Optus has announced that its wholesale residential National Broadband Network (NBN) product now offers access to all 121 points of interconnect (POIs), with the telecommunications provider also signing a deal to provide wholesale access to SpinTel's residential broadband customers.
Optus provides Layer 2 wholesale aggregation to the 121 POIs, along with access technologies available from NBN, allowing smaller service providers to provide NBN services across Australia without having to build out their own infrastructure.
"As the NBN surpasses more than 1 million households nationally, partners want access to that market via a single, carrier-grade network without an exhaustive investment outlay," Optus Wholesale head of Marketing and Strategy John Castro said.
Optus has also deployed a series of customer service improvements to support the wholesale residential product, including investing in back-end automation.
"We know the importance of a great customer experience, and have invested in a range of technology platforms that will improve service connections and the management of faults, which will result in cost efficiencies and customer experience benefits," Castro added.
Competitor Vocus Communications -- which also offers smaller telcos wholesale access to NBN's POIs through its NBN Connect product -- last week announced that its proposed acquisition of Nextgen Networks would put it "in a class with Optus" in terms of both fibre infrastructure and access to 112 POIs.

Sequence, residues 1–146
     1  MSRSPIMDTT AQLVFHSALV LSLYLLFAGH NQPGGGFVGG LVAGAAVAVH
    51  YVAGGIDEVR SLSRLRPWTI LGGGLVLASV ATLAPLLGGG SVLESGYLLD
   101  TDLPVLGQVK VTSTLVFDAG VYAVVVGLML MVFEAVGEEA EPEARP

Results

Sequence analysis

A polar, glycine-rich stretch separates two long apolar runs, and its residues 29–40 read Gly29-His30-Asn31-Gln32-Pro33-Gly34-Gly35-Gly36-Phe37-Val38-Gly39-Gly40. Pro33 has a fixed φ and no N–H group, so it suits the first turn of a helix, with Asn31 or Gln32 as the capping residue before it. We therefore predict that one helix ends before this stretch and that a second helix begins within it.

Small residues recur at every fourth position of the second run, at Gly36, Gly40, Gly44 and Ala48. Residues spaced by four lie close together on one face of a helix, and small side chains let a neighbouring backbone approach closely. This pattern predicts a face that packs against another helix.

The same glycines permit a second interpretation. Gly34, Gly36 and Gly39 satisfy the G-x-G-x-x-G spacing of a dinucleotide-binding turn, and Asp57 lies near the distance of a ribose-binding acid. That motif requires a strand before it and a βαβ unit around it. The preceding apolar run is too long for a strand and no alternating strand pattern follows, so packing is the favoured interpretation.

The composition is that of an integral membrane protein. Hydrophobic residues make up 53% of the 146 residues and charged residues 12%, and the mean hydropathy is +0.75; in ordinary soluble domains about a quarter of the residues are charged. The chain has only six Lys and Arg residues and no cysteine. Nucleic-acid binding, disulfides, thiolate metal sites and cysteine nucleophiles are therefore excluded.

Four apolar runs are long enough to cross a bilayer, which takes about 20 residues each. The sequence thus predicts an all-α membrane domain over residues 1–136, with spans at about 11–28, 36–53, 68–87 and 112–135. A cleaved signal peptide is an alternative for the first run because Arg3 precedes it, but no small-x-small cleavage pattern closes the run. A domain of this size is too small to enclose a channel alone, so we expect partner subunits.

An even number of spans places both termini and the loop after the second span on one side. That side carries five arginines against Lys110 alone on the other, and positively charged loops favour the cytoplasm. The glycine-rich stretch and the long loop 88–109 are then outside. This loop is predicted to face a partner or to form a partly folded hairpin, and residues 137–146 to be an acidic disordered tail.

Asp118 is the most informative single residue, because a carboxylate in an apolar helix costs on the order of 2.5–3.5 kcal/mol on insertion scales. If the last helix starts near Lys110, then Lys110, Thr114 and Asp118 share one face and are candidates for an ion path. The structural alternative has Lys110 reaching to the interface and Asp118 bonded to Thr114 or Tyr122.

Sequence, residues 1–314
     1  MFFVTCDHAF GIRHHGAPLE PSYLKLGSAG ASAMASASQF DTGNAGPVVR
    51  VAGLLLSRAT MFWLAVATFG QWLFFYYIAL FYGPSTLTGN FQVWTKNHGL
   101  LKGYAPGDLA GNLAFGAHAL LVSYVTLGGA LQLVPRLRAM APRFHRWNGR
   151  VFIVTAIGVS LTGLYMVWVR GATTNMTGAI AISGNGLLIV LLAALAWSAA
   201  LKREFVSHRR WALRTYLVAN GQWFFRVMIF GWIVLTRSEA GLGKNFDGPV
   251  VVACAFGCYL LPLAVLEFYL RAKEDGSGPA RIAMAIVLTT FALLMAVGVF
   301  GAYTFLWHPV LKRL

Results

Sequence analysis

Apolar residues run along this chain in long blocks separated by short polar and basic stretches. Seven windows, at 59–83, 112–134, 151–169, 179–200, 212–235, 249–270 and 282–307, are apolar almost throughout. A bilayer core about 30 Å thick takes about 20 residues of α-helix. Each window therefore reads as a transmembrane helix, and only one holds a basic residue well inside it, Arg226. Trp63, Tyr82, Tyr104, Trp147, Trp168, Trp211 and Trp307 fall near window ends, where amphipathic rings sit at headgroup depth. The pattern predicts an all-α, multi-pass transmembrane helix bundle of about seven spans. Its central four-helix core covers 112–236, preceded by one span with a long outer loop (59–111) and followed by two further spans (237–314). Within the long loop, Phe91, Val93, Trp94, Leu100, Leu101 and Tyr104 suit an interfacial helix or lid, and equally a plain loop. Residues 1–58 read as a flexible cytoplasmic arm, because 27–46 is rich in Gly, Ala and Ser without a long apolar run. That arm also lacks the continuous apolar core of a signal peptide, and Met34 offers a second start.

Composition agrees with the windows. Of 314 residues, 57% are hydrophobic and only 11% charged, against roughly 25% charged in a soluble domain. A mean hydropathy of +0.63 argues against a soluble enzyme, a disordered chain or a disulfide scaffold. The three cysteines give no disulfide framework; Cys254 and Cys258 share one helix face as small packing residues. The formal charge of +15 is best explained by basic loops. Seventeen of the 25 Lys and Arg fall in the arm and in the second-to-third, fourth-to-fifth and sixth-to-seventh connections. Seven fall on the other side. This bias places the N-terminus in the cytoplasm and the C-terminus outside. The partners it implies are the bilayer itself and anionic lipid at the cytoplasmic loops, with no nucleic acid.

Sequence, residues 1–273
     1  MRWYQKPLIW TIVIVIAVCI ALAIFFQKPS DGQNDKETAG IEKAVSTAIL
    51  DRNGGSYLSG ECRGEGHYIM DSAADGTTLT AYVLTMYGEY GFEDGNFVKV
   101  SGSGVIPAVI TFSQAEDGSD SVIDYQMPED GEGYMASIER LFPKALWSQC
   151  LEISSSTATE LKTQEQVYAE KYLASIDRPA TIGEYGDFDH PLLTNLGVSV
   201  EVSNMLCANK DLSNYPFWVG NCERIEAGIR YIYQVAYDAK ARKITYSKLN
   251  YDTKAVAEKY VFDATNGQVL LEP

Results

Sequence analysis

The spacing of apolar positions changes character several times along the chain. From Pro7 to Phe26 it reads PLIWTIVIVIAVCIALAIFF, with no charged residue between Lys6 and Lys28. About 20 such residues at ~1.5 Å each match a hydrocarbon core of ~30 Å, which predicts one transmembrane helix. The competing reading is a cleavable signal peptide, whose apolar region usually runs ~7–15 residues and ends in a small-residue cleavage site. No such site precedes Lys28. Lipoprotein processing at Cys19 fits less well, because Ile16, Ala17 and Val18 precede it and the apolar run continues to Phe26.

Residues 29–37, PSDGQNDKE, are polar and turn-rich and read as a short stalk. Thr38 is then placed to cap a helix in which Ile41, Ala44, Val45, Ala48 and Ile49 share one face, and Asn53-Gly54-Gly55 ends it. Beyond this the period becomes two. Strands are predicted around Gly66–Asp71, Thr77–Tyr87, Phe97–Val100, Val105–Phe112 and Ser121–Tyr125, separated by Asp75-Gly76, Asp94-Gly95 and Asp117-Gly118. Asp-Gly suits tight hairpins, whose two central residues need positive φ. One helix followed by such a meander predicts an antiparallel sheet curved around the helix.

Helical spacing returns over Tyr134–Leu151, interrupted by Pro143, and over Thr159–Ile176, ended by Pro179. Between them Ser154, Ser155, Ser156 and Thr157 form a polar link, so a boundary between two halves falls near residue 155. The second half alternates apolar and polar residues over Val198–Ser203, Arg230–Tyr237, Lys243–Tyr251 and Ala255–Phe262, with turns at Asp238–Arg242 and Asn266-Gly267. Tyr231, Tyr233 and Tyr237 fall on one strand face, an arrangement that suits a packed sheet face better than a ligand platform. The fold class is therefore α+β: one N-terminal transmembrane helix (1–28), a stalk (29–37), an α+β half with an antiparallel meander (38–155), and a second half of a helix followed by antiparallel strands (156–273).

In what CEO Geoff Horth called the "final piece of the puzzle", by taking ownership of Nextgen's extensive long-haul fibre network, Vocus will attain presence across regional areas as well as gaining 112 POIs.
"We think it would be highly unlikely that anyone would ever build a AU$1.2 billion inter-capital network around Australia again, so we sort of class this as a bit of an invaluable asset in that respect," executive director James Spenceley said.
"And given its scale and reach, we put it in a class of Optus in terms of a comparison in infrastructure reach and breadth, and it really places us sort of in that -- give or take -- around the second infrastructure reach in the country now, combined with the Vocus business.
"We could be number two in terms of people connecting to POIs, maybe number three."
According to Horth, Vocus, which has so far raised AU$432 million for its Nextgen acquisition through an institutional entitlement and institutional placement of shares, had access to between 50 and 60 POIs previously. Under the acquisition, it will reach 112 NBN POIs.
This will allow the company to service its residential and wholesale customers with "significantly more bandwidth", Horth said.
Optus has been facing increased competition in the fixed-line space from Vocus, following the latter's merger with M2 earlier this year to form a telco worth AU$3 billion, bringing it closer to Telstra, TPG, and Optus.
During its results for FY15, Optus reported its total wholesale fixed services business being down by 1.1 percent for the year, to AU$649 million. Of this revenue, AU$236 million was from data and IP, AU$130 million was from voice, and AU$283 million came from satellite.
Optus' wholesale mobile services were also affected when Vodafone Australia last year signed a AU$1 billion deal with TPG, part of which involved shifting TPG's 320,000 mobile customers from Optus to Vodafone.